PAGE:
>> the word kadosh has the same gematria, 410, as the word shema and [suggested]
>> that this might be one reason for the connection between kedushah and shema
>> in several places in the liturgy.
> Though gematria are problematic, I have found them quite tantalizing.
> A.  There are several gematria systems (me'ugal; m'ruba; milui; katana;
> kollel; im otiot; etc.).  Not only does this present the thought that one is
> trying too hard to fit the answer into the hint but that it is all a game
> rather than a serious study format.

That is always a problem but I feel they should be seen as remazim
[suggestive allusions] rather than peshat [actual interpretations]. Once one
takes this stance, the many gematria systems should not be seen as mutually
contradictory but, rather, as all adding to a deeper understanding.

> B.  If there is indeed a connection, should it not hold true for everywhere
> shema is recited?  Does it do so?

> C.  Maybe kadosh and shema have a connection, but why should kedusha and
> shema have one?  Just because the word kadosh appears?

That was the point of the posting, the title may have been misleading - I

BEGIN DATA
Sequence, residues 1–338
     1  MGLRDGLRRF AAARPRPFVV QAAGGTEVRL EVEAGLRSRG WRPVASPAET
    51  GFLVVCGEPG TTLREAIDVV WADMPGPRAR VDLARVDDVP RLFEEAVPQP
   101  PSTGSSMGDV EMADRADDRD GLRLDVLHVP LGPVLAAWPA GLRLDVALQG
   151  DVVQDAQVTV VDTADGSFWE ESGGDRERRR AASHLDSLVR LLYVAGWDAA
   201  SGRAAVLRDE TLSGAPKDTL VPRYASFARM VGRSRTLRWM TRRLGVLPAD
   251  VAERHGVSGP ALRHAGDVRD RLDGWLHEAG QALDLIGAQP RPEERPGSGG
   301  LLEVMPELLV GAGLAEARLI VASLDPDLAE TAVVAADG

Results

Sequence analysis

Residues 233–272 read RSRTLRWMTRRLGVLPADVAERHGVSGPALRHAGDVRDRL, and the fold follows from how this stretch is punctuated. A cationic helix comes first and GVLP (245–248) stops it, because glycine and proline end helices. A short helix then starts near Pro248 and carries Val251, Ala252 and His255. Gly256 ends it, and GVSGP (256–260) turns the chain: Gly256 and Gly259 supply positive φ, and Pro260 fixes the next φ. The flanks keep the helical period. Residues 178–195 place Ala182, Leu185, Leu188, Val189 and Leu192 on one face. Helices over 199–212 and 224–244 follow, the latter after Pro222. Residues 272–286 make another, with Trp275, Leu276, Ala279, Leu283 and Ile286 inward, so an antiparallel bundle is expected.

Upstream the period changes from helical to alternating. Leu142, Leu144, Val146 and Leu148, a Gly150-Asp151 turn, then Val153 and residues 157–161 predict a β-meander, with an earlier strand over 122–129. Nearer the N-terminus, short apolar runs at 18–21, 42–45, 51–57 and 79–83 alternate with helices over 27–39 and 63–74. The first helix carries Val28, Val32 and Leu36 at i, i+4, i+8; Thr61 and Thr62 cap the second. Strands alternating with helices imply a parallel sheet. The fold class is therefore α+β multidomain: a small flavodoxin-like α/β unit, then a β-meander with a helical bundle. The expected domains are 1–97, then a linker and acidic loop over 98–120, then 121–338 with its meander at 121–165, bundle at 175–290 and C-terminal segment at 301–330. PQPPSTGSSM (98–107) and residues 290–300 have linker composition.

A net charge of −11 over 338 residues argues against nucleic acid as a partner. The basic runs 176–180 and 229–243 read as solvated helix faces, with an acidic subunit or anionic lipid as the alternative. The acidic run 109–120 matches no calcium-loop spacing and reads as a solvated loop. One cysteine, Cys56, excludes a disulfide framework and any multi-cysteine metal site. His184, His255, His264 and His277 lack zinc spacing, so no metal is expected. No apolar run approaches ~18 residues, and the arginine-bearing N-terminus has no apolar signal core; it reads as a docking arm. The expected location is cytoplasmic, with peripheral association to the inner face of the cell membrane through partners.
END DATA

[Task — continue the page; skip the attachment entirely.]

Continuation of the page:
> D.  And kadosh appearing thrice could refer to the three times the Shema is
> recited - morning, evening and upon retiring to bed?  Who decides?

Both may be valuable insights - in the realm of allusions, differing
suggestions may be equally valid so there is no need to 'decide'.
> E.  If kadosh is spelled with or without a vav, does the gematria alter?

Of course it would but, in the verse under consideration it is spelled with
a vav. Without a vav, the gematria would not be the same as that of shema
and no link would exist.
> F.  I'd continue but I was never good at arithmetic.

Martin Stern


From: Michael Rogovin <michael@...>
Date: Wed, Jan 22,2014 at 02:01 PM
Subject: Riding a bicycle on Shabbat

Dov Bloom wrote (MJ 62#03):

> The bicycle tires may get a hole or the chain may break -- Anyone who rides
> knows this, hence the prohibition shema yetaken kli (in case one might repair 
> it).

Well, I rode recreationally on streets and bike paths for many years and
never once had to repair a tire or broke a chain. Yes it happens to serious
riders who go on biking trips where they ride for hours on end and for many
miles a day. But I don't think that is what we are talking about, since to
do that in most places would take one outside a eruv or techum. What we
*are* talking about is riding within a neighbourhood to a friend's house,
to shul or to/in a park. In such a case, should there be a problem, one
could always lock the bike to a rack or fence nearby or walk it to a nearby
home. Obviously one won't repair it since it is Shabbat and one presumably
does not have tools (having left them at home since they were muktza). A
stroller could break too. So could a talit bag with a shoulder strap.